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The Moving Picture: The Shape of Things to Come
Posted Dec 15, 2008 - January 2009 Issue Print Version     Page 1of 1
  

Technology advancements come from all directions, some flowing from professional products to consumers, others flowing from consumer to pros. This column is about the second category—specifically, several enhancements in the $99 Adobe Premiere Elements 7 that professional editors would love to have in Premiere Pro.


What’s new and impressive in Premiere Elements? Most significant is Smart Tagging, which analyzes your footage, breaks it into scenes, identifies scenes containing one or more faces, and identifies clips that are out of focus, shaky, underexposed, or overexposed. Using this qualitative data, Premiere Elements then categorizes all clips as high, medium, or low quality.

In the current version, you can triage your clips based upon these tags. In a wedding video, you can identify all shots containing faces that were at least medium quality, which means they were shaky or improperly exposed, but not both. Then, using a manual tagging paradigm that first appeared in Photoshop Elements, you can further organize your clips. For example, create categories for bride, groom, bride and groom, bridal party, parents, etc., then drag all scenes into one or multiple groups.

This manual stuff sounds like a lot of work, but it goes quickly. When it’s time to create a montage of the bride and groom or to find all shots containing the bride’s mother, the raw clips are one or two clicks away. You can even sort the clips by time and day, a great way to separate clips from the rehearsal dinner and wedding day.

In the wedding videos I’ve done, easy access to these types of tags would have saved hours over the lame approach I used, which was copying and renaming scenes with names such as brideandmother.avi. Imagine what tags could do for coaches analyzing game film, documentarians assembling rough cuts, or producers working with any kind of video where they have to create a greatest hits or similar compilation from mounds of source footage.

Tagging is great, but where do I think Adobe is going with this? Well, think about it: Adobe just classified clips as shaky, overexposed, or underexposed. What’s the next step? Applying anti-shake and brightness and contrast filters, of course. It really wouldn’t be that hard.

In Premiere Elements, most adjustments are fully “auto” anyway. Just apply the auto-brightness effect to the clip that’s too dark, or apply image stabilization to the shaky footage. Place an icon on the footage so the editor knows it’s there, but save her the effort of applying the necessary filter herself.

Adobe hasn’t confirmed (or denied) that this is coming, but you can imagine future versions of Premiere (Pro and Elements) analyzing your clips; identifying all of them with motion, exposure, or color-related problems; and suggesting solutions. It could even group problem clips from the same tape so you can correct one and apply the fix to all. This type of analysis could save literally hours of work.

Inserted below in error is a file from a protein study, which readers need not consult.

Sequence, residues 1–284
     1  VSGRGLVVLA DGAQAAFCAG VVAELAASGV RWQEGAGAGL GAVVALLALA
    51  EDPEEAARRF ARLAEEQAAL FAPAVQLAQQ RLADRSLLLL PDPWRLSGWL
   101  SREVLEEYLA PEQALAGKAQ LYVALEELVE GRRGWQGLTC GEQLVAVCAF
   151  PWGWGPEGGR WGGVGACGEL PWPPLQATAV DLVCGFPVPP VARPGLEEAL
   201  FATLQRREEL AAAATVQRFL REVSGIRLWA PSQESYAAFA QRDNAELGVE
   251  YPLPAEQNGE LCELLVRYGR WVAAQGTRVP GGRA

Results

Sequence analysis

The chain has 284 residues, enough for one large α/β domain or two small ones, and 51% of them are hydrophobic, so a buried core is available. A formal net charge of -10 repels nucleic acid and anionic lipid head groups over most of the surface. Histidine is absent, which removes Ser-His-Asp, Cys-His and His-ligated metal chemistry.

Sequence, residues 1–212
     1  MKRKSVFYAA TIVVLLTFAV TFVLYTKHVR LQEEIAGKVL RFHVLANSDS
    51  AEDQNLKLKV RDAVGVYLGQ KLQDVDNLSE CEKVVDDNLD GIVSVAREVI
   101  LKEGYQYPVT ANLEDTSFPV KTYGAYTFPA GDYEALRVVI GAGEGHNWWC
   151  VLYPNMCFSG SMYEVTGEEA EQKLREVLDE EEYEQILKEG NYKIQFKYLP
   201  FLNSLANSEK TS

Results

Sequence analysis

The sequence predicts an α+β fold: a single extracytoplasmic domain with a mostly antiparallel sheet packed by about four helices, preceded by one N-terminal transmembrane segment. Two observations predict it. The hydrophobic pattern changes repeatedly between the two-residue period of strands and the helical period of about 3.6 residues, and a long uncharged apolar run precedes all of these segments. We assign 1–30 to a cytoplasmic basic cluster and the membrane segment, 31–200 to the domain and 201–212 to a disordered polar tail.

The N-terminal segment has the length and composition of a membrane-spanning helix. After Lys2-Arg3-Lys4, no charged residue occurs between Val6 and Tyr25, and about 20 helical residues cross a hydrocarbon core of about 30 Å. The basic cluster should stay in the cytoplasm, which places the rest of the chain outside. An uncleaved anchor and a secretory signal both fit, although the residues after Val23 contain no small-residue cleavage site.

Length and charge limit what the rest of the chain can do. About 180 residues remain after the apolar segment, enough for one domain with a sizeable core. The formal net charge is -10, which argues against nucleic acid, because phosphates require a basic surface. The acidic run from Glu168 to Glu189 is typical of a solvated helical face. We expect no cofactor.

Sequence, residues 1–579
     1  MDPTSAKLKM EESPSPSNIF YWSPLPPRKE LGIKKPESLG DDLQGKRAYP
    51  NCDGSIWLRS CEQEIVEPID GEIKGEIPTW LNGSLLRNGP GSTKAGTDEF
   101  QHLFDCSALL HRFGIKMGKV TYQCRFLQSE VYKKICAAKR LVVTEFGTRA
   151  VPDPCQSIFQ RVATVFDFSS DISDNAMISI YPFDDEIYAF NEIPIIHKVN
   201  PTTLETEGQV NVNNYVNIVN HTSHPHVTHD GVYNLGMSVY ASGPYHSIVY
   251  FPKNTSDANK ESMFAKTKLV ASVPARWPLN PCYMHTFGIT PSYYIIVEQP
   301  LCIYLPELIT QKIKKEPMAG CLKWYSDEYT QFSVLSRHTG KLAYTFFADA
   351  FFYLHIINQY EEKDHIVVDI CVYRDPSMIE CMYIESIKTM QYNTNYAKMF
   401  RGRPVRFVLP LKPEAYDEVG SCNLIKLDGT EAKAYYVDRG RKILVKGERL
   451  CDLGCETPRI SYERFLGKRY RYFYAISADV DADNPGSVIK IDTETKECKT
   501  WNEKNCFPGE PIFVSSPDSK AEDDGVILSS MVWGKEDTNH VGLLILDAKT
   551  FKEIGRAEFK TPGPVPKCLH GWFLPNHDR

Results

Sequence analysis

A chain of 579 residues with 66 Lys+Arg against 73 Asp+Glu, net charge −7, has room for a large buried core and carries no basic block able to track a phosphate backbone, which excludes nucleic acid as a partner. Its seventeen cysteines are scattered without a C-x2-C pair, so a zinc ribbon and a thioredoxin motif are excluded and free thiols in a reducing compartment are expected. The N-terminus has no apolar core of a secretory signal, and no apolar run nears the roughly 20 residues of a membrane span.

Next up is InstantMovie, which is the merger of Smart Tagging and Themes. Briefly, a Theme is a type of “auto-movie” function that analyzes your clips; finds the best scenes; adds a theme-specific array of cuts, effects, transitions, and the like; and distills the whole affair to match the duration of the background music (or any selected duration). In previous versions, as well as version 7, you can apply Themes to clips you’ve added to the timeline.

InstantMovie, which lets you apply Themes to clips analyzed with Smart Tagging, is new in v7. When this occurs, Premiere Elements analyzes the selected clips, eliminates the poor shots, finds the shots that best match the tone of the Theme, and applies the Theme to those clips. When this process is complete, Premiere Elements deposits the InstantMovie on the timeline, which you can edit to your heart’s delight. Creating a montage of clips of the bride and groom together over their wedding weekend would literally take minutes.

In the weddings I’ve done, I created short montages to help bridge the gap between major sequences. For example, 25 minutes of footage shot while guests arrive at the synagogue might convert into a short music video to introduce the ceremony, showcasing all the noted guests.

Creating these 2–3 minute segments manually can literally take hours, and it did, before I started using muvee autoProducer as a starting point. The problem with muvee is that you can’t easily delete unwanted sequences on the input side or edit the result. You can only output the finished video and input that into your editor to carve out unwanted scenes or add a few must-haves.

Certainly auto-movie functions play a limited role in professional production, but if you’re producing montages of any type, these tools are worth a look. With Smart Tagging and easy post-creation editing (that is, the ability to edit the project in the timeline after the application creates the auto-movie), Premiere Elements does it best.

Premiere Elements lacks many of the features needed for full-throttle professional productions, including multicam tools, multiple sequences, scopes, and manual color correction tools. Still, it might be a great add-on to your current toolset for some editing activities, and it’s definitely a harbinger of features to come in pro-level tools.

Jan Ozer (janozer at doceo.com) is a contributing editor to EventDV and Streaming Media.



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